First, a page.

Below is an abstract from a paper I co-wrote with Camille Chicklis, Thomas MaCurdy, Jay Bhattacharya, and Dan Rodgers. The title of the paper is Regional Growth in Medicare Spending, 1992–2010.
Objective: To determine if regions with high Medicare expenditures in a given setting remain high cost over time.
Data Sources/Study Setting: One hundred percent of national Medicare Parts A and B fee-for-service beneficiary claims data and enrollment for 1992–2010.
Study Design: Patients are classified into regions. Claims are price-standardized. Risk adjustment is performed at the beneficiary level using the CMS Hierarchical Condition Categories model. Correlation analyses are conducted.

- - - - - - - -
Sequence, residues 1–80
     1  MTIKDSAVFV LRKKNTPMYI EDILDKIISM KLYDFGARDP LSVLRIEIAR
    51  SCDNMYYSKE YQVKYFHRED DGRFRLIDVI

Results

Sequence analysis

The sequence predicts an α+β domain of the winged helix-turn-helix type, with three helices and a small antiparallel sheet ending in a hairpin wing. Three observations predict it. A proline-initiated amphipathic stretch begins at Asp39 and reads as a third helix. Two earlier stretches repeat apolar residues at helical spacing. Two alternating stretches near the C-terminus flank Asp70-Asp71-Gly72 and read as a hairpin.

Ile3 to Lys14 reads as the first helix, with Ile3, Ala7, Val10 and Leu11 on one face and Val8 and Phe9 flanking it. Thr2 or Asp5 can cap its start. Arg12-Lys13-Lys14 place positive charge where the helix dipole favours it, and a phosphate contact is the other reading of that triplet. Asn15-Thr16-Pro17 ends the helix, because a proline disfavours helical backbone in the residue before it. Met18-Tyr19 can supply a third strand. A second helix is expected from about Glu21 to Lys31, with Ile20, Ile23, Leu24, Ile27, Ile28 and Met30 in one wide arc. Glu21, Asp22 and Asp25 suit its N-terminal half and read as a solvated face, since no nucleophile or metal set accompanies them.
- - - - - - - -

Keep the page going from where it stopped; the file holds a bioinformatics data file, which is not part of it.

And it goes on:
Data Collection/Extraction Methods: The data were obtained through a contract with CMS for a study performed for the Institute of Medicine.
Principal Findings: High-cost regions in 1992 are likely to remain high cost in 2010. Stability in regional spending is highest in the home health, inpatient hospital, and outpatient hospital settings over this time period. Despite the persistence of a region’s relative spending over time, a region’s spending levels in all settings except home health tend to regress toward the mean.
Conclusions: Relatively high-cost regions tend to remain so over long periods of time, even after controlling for patient health status and geographic price variation, suggesting that the observed effect reflects real differences in practice patterns.
- Chicklis, C., MaCurdy, T., Bhattacharya, J., Shafrin, J., Zaidi, S. and Rogers, D. (2015), Regional Growth in Medicare Spending, 1992–2010. Health Services Research. doi: 10.1111/1475-6773.12287